As uncomfortable as it may be for a person to discuss their stool and bowel habits in casual conversation, in a general surgeons office is all too common. Just this morning Mrs. Johnson noticed a change in the color of her stool. She wondered whether or not this could be related to how poorly she’d been feeling over the last two weeks. I assured her that it’s true that the color, consistency and shape of your stool can reveal a lot about your health. Any changes that you might notice can be a sign of a serious disease. So, they should never be ignored.
The color still can be very revealing, the normal color stool is a hue of brown. It can vary slightly based on the foods that are being consumed and the frequency of illumination. Change for no obvious reason warning sign of a more serious condition. For example white gray or clay -colored stool may represent a lack of bile. Bils normal pigment is green and as it is converted in the digestive tract it contributes to the brown color of stool.
A sudden color change from brown to white therefore can signify a problem with the liver or gallbladder system whereby was formed. It can represent anything from gallstones to cirrhosis. Green colored stool can be considered a normal variation especially if one has a diet high in green colored foods. Spinach, kale, broccoli, avocados, cucumber and zucchini are rich in chlorophyll makes them green. However if food is not the reason, green colored stool means that food is passing through the digestive tract to quickly, and not enough bile is recovered.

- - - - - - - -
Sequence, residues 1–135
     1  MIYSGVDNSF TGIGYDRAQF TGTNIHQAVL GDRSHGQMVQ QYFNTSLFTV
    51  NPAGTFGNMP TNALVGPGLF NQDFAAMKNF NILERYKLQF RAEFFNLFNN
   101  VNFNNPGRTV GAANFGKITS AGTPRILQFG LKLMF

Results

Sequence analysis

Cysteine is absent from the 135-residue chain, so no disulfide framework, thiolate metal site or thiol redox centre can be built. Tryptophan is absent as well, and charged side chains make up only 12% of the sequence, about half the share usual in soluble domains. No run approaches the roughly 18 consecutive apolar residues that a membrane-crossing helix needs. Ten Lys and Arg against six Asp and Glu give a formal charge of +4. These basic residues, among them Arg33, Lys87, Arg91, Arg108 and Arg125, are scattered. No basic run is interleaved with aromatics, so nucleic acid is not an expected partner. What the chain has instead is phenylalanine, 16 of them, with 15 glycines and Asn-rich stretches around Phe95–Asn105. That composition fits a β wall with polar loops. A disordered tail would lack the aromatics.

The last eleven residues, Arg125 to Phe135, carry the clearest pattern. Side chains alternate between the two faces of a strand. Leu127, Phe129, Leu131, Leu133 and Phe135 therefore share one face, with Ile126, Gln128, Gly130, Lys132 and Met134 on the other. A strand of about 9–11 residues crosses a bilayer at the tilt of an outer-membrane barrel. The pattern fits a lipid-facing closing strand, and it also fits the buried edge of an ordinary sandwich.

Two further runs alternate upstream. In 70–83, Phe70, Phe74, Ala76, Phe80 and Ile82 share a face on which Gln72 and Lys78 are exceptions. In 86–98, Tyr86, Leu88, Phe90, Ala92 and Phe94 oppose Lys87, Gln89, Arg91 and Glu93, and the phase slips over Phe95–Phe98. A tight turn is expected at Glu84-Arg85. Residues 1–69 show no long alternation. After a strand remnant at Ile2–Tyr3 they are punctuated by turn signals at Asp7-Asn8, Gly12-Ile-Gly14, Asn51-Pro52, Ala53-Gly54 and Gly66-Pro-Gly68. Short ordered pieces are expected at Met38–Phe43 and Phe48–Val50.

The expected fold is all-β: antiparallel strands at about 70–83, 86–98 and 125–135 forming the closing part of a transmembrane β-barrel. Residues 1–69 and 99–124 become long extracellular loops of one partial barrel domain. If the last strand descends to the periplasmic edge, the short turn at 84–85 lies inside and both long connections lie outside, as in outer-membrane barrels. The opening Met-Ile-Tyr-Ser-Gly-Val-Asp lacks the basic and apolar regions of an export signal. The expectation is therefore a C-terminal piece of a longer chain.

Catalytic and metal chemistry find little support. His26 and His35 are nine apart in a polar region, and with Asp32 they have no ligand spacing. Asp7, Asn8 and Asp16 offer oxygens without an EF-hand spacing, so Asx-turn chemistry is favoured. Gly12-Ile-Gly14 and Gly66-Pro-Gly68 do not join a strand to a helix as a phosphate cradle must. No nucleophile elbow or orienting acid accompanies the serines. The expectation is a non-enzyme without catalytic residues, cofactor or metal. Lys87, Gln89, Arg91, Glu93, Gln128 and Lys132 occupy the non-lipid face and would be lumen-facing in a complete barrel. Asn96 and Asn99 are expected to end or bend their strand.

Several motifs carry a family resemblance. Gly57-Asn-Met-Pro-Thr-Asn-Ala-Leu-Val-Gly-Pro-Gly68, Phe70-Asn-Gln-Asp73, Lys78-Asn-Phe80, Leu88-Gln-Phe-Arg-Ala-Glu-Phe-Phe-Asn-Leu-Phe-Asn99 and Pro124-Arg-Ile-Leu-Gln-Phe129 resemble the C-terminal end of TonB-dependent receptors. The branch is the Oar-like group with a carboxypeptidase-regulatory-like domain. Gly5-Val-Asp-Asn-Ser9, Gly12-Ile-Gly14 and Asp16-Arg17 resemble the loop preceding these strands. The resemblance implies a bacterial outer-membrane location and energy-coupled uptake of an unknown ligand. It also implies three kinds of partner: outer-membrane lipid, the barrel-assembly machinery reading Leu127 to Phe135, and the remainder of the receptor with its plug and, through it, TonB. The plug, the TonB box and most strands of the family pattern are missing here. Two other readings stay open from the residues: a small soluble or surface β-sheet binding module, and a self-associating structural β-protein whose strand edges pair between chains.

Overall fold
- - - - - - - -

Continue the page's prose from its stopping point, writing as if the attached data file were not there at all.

Yellow stool, sometimes color covered in an oily covering, or even noticing drops of oil in the toilet can be assigned of high fat content in the stool. This change in color can represent block bile ducts, or poor digestion of fat. Another reason could be a lack of pancreatic enzymes relatable to chronic pancreatitis, cystic fibrosis, celiac disease. Black stool color can be explained by medicine consumption. Iron supplements, ibuprofen, and aspirin have all been found to cause like stool. Blood digested in the gastrointestinal tract can also contribute to dark-colored stool.
That happened to be the culprit for Ms. Johnson Mrs. Johnson! She had a small bleeding ulcer found on upper endoscopy that required a change in her medications in order to heal. But her attentiveness to the color for stool allowed us to intervene early. She didn’t even require surgery.